Having just driven through the Homer tunnel and experiencing a localised little waterfall inside it I surmise that water in the mine may well have its own exit route within it. However, waterproofing a robot should not be particularly difficult or unusual. High temperatures may have been another barrier but presumably are no longer? Loose rocks fallen on the ground may have also jammed and trapped the devices. However surely these are all common issues in mine rescue, investigation and recovery. You would have thought solutions had been found.

            • Anonymous Coward

               /  22nd November 2016

              MURDER
              AT
              PIKE RIVER MINE?
              [SECOND EDITION]
              The incestuous collusion between corrupt, fascist, international corporations, banks, global mining companies & compliant politicians – And how the inexorable love of money by those who run them supersedes everything else.

              What was the real truth behind the Pike River coal mine disaster in New Zealand killing 29 men? – Was the tragedy simply an “accident” or was it premeditated murder? – Involving people at the highest level of the New Zealand Government and international business and banking community? Does this case have implications for the world?
              by
              Dr Jacob Cohen

            • Anonymous Coward

               /  22nd November 2016

              Went looking for conspiracies, found that. It’s a 75 page word doc though.
              Flicking through it, everything about it is a conspiracy and it all starts at the “City of London”.

            • patupaiarehe

               /  22nd November 2016

              Yes AC, I saw that earlier when I was trying to find the other theory I read, which didn’t allege ridiculous things such as satanic rituals. I do, however, very clearly recall a 3news reporter saying that police had launched a “Murder investigation”, a day or two after the event, on the 6pm news. Yet on nightline later that night, that part was edited out. And when I looked for it online, guess what???

            • Anonymous Coward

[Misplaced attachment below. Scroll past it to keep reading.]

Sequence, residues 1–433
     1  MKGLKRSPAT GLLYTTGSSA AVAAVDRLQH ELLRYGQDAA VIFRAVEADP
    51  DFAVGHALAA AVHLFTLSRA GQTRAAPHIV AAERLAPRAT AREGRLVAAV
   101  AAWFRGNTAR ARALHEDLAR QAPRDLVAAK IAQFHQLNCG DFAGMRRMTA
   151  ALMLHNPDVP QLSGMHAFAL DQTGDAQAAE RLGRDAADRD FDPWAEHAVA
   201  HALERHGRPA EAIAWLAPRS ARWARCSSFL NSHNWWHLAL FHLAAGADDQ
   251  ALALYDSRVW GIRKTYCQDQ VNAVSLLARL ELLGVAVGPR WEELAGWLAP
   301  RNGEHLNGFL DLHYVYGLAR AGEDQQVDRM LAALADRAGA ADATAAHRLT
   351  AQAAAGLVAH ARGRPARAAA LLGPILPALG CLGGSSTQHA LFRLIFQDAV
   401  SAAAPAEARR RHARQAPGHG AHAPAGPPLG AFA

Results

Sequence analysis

/  22nd November 2016

              That’s another conspiracy – it’s called “Mandela Effect”. (also it’s bullshit).
              Where you remember something that has later been erased.

            • Gezza

               /  22nd November 2016

              I’ve become a big fan of the Trump effect where he doesn’t remember saying something that hasn’t been erased.

        • Gezza

           /  22nd November 2016

          “An Australian company charged the Pike River Coal receivers about $170,000 for its robot, which is still stuck down the mine two years after the fatal explosions.

          So many robots were sent into the mine, never to be seen again, that it was renamed a robotic ‘Bermuda Triangle’.

          The first, a Defence Force bomb disposal robot, short-circuited in the wet, as did another. A third robot from the Western Australian Water Corporation was sent in on November 26, 2010, but the second explosion put an end to its work.

          A water corporation spokesman said this week the receivers had used another robot in March 2011 to determine the condition of the mine. That one snagged its own cable and is still down there.”
          http://www.nzherald.co.nz/nz/news/article.cfm?c_id=1&objectid=10838786

          Reply
          • Gezza

             /  22nd November 2016

            The water is evident here. The Defence department robots are maybe designed more for looking at suspicious things in reasonably good conditions then maybe blowing them them up if necessary, rather than than exploring mines.

            Reply
    • Kitty Catkin

       /  22nd November 2016

      What if there’s nothing or only fragments left ? The fragments are not going to rematerialise into whole bodies. Remains, corpses, cadavers and bodies are just different words for the same thing. Look it up in a thesaurus. A few crumbs of bone are not a body, any more than a few pieces of charred wood are a house or a few rags a garment. The Pike River remnants are not bodies now.

      Reply
      • Anonymous Coward

         /  22nd November 2016

        A) I don’t need to look it up
        B) Didn’t you recently lose someone? Did you visit their body, or their carcass?

        Reply
        • Kitty Catkin

           /  22nd November 2016

          It’s a convention to refer to the ‘body’, but the word doesn’t change the fact that what I saw was a corpse, the dead remains of a living person. Carcase is usually used of animals, isn’t it ? One talks about beef carcases, not beef bodies or corpses.

          My husband was dead, he had died-he hadn’t passed away, passed on or any other euphemism.

          Reply
          • Kitty Catkin

             /  22nd November 2016

            I would think that 4000o would more or less vapourise a body, wouldn’t it ? There’d be nothing left to recover.

            And yes, carcase is a correct spelling of the word.

            Reply
            • Anonymous Coward